Campus Features


The University of Santo Tomas Senior High School Department and Mapua University recently issued a week off of regular class schedules for an academic midterm break, after receiving requests from students and faculty members.

/ 1 October 2020

It’s been a few months since the academic year started for students all around the Philippines, with the added twist of online classes as majority of the country remains under varying levels of quarantine due to the coronavirus. With students as young as pre-school ages up to university and post-graduate adults clamoring to meet requirements at home, the whole education system is expected to adapt to the New Normal without sacrificing the quality of learning students will receive.

However, just a few months in and students have already taken it to social media to share the greater burden of online classes, as compared to the traditional classroom setting where they don’t have to worry about Internet connectivity, household chores, and other factors brought upon by the drastic change in environment. While students struggle to settle with these unwanted changes, they are also faced with different requirements for each of their classes, individual online lectures, digital meetings with group members, responsibilities at home, and the pressing concern of national issues. It’s only understandable that after a few months of non-stop online and offline work, everyone in the academia (even faculty members) are feeling burnt out and desperate for a break.

This brings to light the recent declaration of Philippine institutions such as the University of Santo Tomas (UST) Senior High School Department and Mapua University to hold academic health breaks in the middle of the term. The announcements, as expected, were widely appreciated by both students and faculty members, with other schools and colleges also calling on their respective institutions to do the same. Even one week off proves to be a valuable break for academic communities as a whole, and this initiative from UST and Mapua are respectable efforts of these major organizations to take care of their own student bodies and staff.

Still, there are some issues brought to light by students who have mixed reactions towards the break. Several complaints were made highlighting the fact that some professors still gave deadlines within the supposed break, ultimately disregarding the allotted time to rest for students. Some also argue that this could just be a response to the scheduled maintenance activities of major Internet providers, which are expected to cause connectivity problems for users around the Metro. Thus, the illusion of a caring and considerate institution is slightly diminished as the motives wouldn’t be as health-focused as it was originally presented to be.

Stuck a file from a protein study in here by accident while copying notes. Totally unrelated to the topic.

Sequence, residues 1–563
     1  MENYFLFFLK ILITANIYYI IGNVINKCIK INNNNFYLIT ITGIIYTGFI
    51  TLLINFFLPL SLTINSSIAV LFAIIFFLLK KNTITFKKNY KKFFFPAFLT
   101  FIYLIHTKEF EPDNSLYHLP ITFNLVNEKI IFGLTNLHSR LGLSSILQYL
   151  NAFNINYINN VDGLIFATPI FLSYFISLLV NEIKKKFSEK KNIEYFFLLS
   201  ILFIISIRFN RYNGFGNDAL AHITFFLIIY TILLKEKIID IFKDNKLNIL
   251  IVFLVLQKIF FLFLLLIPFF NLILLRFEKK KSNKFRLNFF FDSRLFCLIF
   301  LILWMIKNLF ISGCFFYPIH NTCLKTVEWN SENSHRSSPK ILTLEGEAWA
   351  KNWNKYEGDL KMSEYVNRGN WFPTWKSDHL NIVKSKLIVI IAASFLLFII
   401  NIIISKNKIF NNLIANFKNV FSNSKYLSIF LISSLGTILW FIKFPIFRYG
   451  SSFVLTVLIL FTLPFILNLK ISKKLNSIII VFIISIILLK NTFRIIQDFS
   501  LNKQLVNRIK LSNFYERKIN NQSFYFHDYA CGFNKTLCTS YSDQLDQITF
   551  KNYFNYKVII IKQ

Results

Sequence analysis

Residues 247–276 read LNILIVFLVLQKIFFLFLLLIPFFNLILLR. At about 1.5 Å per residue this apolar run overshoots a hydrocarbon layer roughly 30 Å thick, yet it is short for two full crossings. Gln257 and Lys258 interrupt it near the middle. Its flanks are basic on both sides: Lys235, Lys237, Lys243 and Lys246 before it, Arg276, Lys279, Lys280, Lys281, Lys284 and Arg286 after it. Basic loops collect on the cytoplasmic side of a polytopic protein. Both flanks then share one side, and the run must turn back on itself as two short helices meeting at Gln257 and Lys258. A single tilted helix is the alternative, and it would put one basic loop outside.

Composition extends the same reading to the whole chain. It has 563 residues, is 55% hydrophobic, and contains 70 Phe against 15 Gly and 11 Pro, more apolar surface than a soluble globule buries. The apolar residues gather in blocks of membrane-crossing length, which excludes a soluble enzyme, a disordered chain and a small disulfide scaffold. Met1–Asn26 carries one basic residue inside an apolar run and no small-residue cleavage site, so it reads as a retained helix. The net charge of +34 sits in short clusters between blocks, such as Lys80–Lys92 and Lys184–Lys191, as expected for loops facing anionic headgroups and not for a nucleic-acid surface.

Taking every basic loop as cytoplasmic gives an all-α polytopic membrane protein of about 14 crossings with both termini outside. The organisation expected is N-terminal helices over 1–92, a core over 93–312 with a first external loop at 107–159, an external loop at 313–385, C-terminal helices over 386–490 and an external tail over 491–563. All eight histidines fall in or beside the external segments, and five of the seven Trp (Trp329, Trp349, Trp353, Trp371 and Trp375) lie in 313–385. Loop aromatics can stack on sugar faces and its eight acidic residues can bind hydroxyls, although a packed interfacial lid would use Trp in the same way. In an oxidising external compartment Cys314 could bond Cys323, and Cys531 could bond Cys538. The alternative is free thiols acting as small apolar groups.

Despite these concerns, it still goes without question that universities and other schools are called to listen to the needs of their immediate communities, especially if it involves their physical and mental well-being. Students and professors are given a whole new layer to their daily school routines, and each one is facing the brunt of rigorous online classes amidst a global health pandemic.

So far, we only have a number of schools that have announced their own academic breaks across the country, but the need for it far exceeds the actual turn-out. From primary schools to tertiary institutions, it’s an absolute necessity for its leaders to prioritize their community’s overall health, and any new practices focused on its protection would undoubtedly be appreciated and welcomed by the general public.

Perhaps traditional educational practices such as mounds of required homework, group requirements, and the like, would be better off temporarily abolished in consideration of students’ varying circumstances, or lack of resources. In fact, academic institutions should welcome discussions with experts, teachers, parents, and the students themselves to fully understand the situation and the needs of the whole school. Open discussions such as this, and genuine considerations from its decision-makers, might just be the only way the academic sector can push forward amidst the pandemic, without foregoing its community’s general well-being.